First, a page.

quash [kwosh] SynonymsExamplesWord Origin See more synonyms for quash on Thesaurus.com verb (used with object)

  1. to put down or suppress completely; quell; subdue: to quash a rebellion.
  2. to make void, annul, or set aside (a law, indictment, decision, etc.).

Origin of quash 1300–50; Middle English quashen to smash, break, overcome, suppress Old French quasser, in part Latin quassāre to shake (frequentative of quatere to shake; cf. concussion); in part Late Latin cassāre to annul, derivative of Latin cassus empty, voidRelated formsun·quashed, adjectiveSynonyms for quash See more synonyms for on Thesaurus.com 1. crush, squash, quench, repress. Related Words for quash suppress, squash, repress, crush, quell, invalidate, annul, revoke, reverse, veto, void, undo, vacate, squelch, repeal, overrule, rescind, scrunch, annihilate, subdue Examples from the Web for quash Contemporary Examples of quash

  • Putin had to put on a show with lots of lights and dancing, but quash the gay factor.

    Sorry Putin, the Sochi Opening Ceremony Was Totally Gay

    Tim Teeman

    February 7, 2014

  • Fergie did nothing to quash rumors of remarriage when asked about the controversial subject this weekend, reports Tom Sykes.

    Fergie Remarriage Rumors Heat Up as She Says, ‘Andrew Will Always Be My Prince!’

    Tom Sykes

    September 30, 2013

  • Egyptian forces have also launched a series of coordinated operations in Sinai in an attempt to quash rising insurgency.

    A Bloody Assassination Attempt in Egypt

    Sophia Jones

    September 5, 2013

  • But despite rumors of a Game of Thrones theme, Parker was quick to quash the speculation.

    Sean Parker Weds Alexandra Lenas, ‘Game of Thrones’ Theme a Mystery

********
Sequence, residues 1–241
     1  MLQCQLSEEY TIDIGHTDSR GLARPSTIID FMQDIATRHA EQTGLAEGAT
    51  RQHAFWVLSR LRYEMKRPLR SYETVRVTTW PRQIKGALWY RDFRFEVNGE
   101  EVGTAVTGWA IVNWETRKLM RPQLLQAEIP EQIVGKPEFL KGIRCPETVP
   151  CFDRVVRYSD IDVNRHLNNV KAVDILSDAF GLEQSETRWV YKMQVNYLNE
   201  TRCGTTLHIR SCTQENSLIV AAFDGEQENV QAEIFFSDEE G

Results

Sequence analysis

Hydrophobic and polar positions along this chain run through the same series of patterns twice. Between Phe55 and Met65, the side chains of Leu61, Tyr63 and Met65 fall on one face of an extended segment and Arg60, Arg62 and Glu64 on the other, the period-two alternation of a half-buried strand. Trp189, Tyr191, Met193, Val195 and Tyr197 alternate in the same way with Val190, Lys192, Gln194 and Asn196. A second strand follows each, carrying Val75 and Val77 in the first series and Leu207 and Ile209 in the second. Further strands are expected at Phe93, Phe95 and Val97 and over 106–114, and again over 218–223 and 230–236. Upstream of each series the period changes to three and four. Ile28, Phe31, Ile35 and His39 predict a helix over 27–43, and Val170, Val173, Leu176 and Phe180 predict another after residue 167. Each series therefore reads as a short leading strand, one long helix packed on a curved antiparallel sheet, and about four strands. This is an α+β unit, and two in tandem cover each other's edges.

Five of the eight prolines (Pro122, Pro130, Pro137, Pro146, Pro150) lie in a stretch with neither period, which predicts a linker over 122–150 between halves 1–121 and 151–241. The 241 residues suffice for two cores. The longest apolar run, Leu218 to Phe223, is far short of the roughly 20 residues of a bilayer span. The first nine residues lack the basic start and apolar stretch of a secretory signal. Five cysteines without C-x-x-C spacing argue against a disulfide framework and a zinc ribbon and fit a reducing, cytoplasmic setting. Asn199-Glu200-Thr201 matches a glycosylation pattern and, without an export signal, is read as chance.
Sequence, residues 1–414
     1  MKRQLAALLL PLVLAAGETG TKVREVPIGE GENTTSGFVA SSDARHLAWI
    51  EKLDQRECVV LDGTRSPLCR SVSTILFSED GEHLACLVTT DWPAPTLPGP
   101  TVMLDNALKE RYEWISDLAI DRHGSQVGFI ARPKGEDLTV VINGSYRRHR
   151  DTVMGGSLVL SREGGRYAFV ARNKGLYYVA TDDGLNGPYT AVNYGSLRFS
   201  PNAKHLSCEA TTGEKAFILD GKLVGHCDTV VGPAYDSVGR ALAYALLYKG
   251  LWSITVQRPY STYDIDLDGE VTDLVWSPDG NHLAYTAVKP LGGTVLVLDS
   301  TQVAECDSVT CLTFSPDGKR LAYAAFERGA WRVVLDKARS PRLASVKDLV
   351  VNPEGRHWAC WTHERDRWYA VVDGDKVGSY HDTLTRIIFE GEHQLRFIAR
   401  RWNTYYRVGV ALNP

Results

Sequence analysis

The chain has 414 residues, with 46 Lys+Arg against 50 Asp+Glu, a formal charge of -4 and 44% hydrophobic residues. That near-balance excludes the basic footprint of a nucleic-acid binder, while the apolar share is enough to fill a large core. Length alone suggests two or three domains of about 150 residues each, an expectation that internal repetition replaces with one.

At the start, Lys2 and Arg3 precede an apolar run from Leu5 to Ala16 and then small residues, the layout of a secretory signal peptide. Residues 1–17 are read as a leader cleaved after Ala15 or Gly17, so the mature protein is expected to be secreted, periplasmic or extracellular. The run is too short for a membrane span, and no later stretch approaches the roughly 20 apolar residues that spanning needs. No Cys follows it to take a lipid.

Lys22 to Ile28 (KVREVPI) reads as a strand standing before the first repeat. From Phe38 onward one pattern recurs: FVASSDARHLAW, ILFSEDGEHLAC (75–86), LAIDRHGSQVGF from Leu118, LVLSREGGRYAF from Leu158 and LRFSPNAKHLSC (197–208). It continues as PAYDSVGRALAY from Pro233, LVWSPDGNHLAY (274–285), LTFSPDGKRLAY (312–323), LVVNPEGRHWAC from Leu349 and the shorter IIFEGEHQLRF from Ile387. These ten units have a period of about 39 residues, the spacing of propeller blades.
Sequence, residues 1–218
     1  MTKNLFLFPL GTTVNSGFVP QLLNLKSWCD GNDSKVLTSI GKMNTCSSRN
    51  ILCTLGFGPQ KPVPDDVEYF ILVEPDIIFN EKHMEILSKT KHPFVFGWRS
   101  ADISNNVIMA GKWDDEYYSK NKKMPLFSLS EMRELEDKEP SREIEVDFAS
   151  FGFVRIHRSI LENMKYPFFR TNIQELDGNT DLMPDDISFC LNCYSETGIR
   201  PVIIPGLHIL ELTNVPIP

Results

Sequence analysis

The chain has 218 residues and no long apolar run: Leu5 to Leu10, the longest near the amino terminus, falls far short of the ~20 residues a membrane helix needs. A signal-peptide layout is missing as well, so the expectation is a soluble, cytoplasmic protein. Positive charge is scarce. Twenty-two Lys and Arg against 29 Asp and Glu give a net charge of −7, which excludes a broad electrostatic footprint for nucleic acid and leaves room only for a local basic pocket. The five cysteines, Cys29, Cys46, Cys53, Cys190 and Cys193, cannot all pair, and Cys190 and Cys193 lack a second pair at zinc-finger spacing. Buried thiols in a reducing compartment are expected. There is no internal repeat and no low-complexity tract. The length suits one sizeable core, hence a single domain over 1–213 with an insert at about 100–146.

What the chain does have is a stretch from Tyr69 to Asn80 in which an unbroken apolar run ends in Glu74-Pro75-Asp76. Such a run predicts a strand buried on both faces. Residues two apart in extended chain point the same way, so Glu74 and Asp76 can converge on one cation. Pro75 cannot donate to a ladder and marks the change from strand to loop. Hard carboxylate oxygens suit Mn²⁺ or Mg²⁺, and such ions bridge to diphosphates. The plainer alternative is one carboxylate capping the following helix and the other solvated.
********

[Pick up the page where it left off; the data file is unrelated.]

Nina Strochlic

    June 2, 2013

  • It all seems perfectly choreographed to quash the assumption that she is no more than a little flirt.

    Petraeus Affair Stereotypes: The General, The Flirt And The Harlot

    Robin Givhan

    November 15, 2012

  • Historical Examples of quash

  • Come, Quash, into the bush, and help me to look at the other scratches and dress them.

    The Rover of the Andes

    R.M. Ballantyne

  • But, then, he had had to quash the thought that suggested it.

    It Never Can Happen Again

    William De Morgan

  • Challis tried to reason away its witchery—to quash its jurisdiction.

    It Never Can Happen Again

    William De Morgan

  • Under those circumstances no other course was open to us but to quash them.

    The Seven Curses of London

    James Greenwood

  • Vide mouse, and a hundred more roots, that might quash this rule.

    Notes and Queries, Vol. IV, Number 112, December 20, 1851


  • British Dictionary definitions for quash quash verb (tr)

    1. to subdue forcefully and completely; put down; suppress
    2. to annul or make void (a law, decision, etc)
    3. to reject (an indictment, writ, etc) as invalid

    Word Origin for quash C14: from Old French quasser, from Latin quassāre to shake Word Origin and History for quash v.

    “to make void, annul,” early 14c., from Old French quasser, casser “to annul, declare void,” and directly from Medieval Latin quassare, alteration of Late Latin cassare, from cassus “null, void, empty” (see caste (n.)).

    Meaning “to break, crush,” is early 14c., from Old French quasser, casser “to break, smash, injure, harm, weaken,” from Latin quassare “to shatter,” frequentative of quatere (past participle quassus) “to shake,” from PIE root *kwet- “to shake” (cf. Greek passein “to sprinkle,” Lithuanian kuteti “to shake up,” Old Saxon skuddian “to move violently,” German schütteln “to shake,” Old English scudan “to hasten”).

    The words have influenced each other in form and sense since Medieval Latin and now are somewhat grown together. Related: Quashed; quashing.

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